Whose concepts are they, anyway? The role of philosophical intuition in empirical psychology

In M. R. DePaul & William Ramsey (eds.), Rethinking Intuition. Lanham: Rowman and Littlefield 75--91 (1998)
This chapter examines several ways in which philosophical attention to intuition can contribute to empirical scientific psychology. The authors then discuss one prevalent misuse of intuition. An unspoken assumption of much argumentation in the philosophy of mind has been that to articulate our folk psychological intuitions, our ordinary concepts of belief, truth, meaning, and so forth, is itself sufficient to give a theoretical account of what belief, truth, meaning, and so forth, actually are. It is believed that this assumption rests on an inadequate understanding of the nature of intuition and its appropriate applications, and that it results in errors. Three notable examples of this sort of misuse of intuition in philosophy are briefly discussed. Finally, the authors provide developmental evidence for the mutability and fallibility of everyday intuitions about the mind, evidence that undermines arguments, that depend on taking such intuitions as a final authority for substantive claims about what the mind is like.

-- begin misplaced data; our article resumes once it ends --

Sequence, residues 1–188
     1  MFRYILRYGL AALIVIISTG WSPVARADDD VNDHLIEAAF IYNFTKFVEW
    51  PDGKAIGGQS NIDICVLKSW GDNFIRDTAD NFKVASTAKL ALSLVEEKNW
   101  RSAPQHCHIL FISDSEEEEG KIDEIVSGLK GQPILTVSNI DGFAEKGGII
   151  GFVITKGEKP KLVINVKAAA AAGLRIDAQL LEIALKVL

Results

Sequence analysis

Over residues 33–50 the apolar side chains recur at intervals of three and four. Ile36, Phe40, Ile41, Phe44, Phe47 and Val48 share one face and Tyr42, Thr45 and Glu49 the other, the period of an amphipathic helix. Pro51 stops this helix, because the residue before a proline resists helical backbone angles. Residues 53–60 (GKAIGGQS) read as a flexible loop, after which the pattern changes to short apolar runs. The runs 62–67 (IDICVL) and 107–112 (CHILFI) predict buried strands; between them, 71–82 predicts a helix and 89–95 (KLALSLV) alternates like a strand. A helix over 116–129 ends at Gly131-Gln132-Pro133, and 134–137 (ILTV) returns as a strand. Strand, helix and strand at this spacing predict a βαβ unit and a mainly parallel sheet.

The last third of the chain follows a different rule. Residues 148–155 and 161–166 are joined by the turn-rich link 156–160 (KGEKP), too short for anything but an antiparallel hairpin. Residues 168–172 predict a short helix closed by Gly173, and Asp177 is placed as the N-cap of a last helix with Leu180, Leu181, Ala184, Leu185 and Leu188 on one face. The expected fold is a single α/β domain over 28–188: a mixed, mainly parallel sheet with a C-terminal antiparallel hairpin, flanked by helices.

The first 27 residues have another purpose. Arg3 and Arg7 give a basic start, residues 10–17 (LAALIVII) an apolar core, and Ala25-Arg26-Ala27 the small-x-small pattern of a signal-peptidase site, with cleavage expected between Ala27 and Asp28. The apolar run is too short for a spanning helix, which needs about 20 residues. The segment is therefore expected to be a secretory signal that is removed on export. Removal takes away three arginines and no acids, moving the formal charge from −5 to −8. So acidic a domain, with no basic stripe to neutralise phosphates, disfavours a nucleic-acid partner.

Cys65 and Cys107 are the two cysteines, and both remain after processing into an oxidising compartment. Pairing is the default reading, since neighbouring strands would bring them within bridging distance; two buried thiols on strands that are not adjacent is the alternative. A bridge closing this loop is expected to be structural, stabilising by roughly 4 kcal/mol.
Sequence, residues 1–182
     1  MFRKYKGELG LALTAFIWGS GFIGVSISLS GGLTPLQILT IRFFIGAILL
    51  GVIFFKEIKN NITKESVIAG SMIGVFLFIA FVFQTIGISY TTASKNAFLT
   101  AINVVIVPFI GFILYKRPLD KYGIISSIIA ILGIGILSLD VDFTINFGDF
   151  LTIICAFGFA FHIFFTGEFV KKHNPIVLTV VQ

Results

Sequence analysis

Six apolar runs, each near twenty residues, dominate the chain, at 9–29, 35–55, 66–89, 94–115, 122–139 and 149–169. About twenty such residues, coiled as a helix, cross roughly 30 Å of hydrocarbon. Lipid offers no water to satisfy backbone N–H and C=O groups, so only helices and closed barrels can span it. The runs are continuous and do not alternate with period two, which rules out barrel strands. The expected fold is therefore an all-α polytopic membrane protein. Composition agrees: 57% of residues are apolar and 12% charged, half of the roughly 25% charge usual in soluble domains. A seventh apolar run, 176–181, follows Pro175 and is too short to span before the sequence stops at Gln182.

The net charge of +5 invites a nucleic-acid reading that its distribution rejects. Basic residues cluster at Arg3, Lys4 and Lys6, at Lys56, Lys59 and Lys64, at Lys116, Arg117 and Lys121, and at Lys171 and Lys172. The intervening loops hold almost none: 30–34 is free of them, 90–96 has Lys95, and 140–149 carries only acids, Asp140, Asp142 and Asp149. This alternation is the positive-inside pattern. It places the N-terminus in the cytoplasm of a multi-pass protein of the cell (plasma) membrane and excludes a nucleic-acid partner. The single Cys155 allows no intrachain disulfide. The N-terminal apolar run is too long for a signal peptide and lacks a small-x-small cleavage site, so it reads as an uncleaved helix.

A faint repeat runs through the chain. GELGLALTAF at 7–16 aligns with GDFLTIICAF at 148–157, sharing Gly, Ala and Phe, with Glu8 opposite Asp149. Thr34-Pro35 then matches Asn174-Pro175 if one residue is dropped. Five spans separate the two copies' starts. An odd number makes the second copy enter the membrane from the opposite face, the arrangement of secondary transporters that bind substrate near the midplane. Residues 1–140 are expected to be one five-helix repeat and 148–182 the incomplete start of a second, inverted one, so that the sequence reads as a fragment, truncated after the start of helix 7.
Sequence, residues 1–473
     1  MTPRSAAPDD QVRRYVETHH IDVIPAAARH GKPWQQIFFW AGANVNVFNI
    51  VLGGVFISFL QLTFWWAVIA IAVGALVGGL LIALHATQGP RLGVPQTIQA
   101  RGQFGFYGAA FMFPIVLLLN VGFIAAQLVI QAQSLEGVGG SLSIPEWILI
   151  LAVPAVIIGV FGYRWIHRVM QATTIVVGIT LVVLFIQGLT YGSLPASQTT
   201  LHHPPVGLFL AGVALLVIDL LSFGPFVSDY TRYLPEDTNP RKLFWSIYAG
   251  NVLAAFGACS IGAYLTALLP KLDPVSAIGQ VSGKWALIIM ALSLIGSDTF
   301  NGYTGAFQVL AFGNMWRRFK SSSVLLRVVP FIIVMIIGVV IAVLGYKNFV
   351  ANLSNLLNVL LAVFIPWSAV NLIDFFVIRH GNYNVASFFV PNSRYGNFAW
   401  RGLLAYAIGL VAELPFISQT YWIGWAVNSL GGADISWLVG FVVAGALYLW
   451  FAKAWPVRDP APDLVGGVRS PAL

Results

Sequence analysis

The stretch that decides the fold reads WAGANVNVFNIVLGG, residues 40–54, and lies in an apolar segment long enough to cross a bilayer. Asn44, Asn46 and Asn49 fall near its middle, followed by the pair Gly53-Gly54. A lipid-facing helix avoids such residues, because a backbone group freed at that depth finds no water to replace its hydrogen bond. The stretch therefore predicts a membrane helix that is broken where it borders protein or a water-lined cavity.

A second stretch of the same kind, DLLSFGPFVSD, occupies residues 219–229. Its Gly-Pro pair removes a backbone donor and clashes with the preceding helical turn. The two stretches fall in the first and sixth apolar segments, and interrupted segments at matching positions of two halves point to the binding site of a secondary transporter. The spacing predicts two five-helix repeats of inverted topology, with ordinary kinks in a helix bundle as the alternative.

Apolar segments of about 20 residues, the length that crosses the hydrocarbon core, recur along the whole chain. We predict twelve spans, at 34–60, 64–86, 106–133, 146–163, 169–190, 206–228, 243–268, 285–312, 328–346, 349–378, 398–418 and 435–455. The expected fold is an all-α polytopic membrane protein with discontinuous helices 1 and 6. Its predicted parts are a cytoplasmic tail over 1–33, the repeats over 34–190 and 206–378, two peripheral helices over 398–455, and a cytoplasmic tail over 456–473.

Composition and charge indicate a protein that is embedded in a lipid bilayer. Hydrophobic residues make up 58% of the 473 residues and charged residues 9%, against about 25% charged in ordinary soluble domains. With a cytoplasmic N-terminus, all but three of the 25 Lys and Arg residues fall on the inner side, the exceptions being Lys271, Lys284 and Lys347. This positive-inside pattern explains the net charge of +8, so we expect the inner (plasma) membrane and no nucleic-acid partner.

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Elijah Chudnoff (2011). What Intuitions Are Like. Philosophy and Phenomenological Research 82 (3):625-654.
Finn Spicer (2006). Epistemic Intuitions and Epistemic Contextualism. Philosophy and Phenomenological Research 72 (2):366 - 385.

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